What to Expect From Connor McDavid in 2016-17

Connor McDavid did it all in his rookie season in the NHL.

He was a force on the ice on a nightly basis. His skill, despite his inexperience, was indisputably amongst the greatest in the League, earning respect from his peers before even stepping on to the ice against his opponents for the first time.

In his much-anticipated rookie year, McDavid not only produced at a 1.07 P/GP clip, but he also put himself into serious Calder Trophy consideration despite missing 37 games due to a broken clavicle. In fact, his P/GP mark was the highest of any rookie player during the 2015-16 NHL season, and he was the only first year player to produce at or above a point per game pace.

When it comes to the League as a whole, McDavid’s efforts become even more impressive, as his P/GP mark ranked an incredible third best amongst all players to play over 40 games, putting him alongside the likes of Patrick Kane and Jamie Benn, while besting Sidney Crosby.

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As such, it goes without saying that McDavid’s inaugural NHL season can be defined as nothing other than a success – with of course the disappointment of a major injury mixed.

Despite his young age, McDavid quickly showed the NHL why he has been the best player on the ice no matter where he has skated. As a result, this begs the question of what McDavid could possibly achieve in his sophomore season.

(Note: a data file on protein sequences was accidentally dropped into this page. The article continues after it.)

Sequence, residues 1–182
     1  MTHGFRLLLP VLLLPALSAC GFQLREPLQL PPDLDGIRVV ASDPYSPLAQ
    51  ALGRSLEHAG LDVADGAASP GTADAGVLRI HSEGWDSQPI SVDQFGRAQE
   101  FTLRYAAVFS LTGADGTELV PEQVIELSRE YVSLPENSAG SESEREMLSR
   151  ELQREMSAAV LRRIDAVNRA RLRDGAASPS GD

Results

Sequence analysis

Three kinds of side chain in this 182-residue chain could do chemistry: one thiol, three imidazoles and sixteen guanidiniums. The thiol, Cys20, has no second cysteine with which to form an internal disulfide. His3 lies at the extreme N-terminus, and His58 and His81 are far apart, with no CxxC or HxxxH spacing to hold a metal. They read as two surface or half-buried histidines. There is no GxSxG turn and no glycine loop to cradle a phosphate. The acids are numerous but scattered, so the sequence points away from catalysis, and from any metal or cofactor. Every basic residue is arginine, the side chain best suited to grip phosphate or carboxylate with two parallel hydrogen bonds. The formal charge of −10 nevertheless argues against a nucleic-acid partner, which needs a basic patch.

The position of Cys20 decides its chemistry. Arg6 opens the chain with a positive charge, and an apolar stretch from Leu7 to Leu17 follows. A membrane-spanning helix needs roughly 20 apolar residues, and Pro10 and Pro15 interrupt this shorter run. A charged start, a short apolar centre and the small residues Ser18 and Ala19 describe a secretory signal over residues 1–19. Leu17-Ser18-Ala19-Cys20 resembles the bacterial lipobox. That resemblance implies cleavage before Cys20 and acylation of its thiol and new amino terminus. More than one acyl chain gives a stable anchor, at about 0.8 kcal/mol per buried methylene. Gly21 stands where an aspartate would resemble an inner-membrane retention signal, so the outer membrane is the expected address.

Shattering Expectations

No matter where he has played, McDavid has shattered his yearly expectations.

After posting a 209 point season – that’s right, 209 – with the Toronto Marlboros in 2011-12, McDavid made the jump to the Ontario Hockey League. He was selected first overall by the Erie Otters after being awarded exceptional status by Hockey Canada and continued his dominance despite his young age.

A 25 goal, 66 point rookie season playing for what was at the time one of the OHL’s most futile teams announced McDavid’s presence and skill in the League. He followed up his rookie of the year showing by scoring 99 points in 2013-14, followed by 120 points in just 49 games in 2014-15.

McDavid had long been expected to become one of the best players in the world, but was he expected to be this good?

Poised for Domination

Given the fact that he surpasses common expectations on a yearly basis, what should truly be expected from McDavid in 2016-17?

In his rookie season, the young phenom recorded 16 goals and 48 points. His goal total placed him fourth overall on the Oilers, while his point total placed him third within the organization.

Firstly, let’s take a look at what to expect from McDavid in terms of his offensive production.

Offense: 

McDavid is a world-class player, a fact which needs not be repeated. As such, it would be safe to assume that the rising star’s offensive totals will surely rise in his second season in the NHL. The real question is by how much.

Connor McDavid
Connor McDavid is already one of the League’s most dynamic offensive players. (Christopher Hanewinckel-USA TODAY Sports)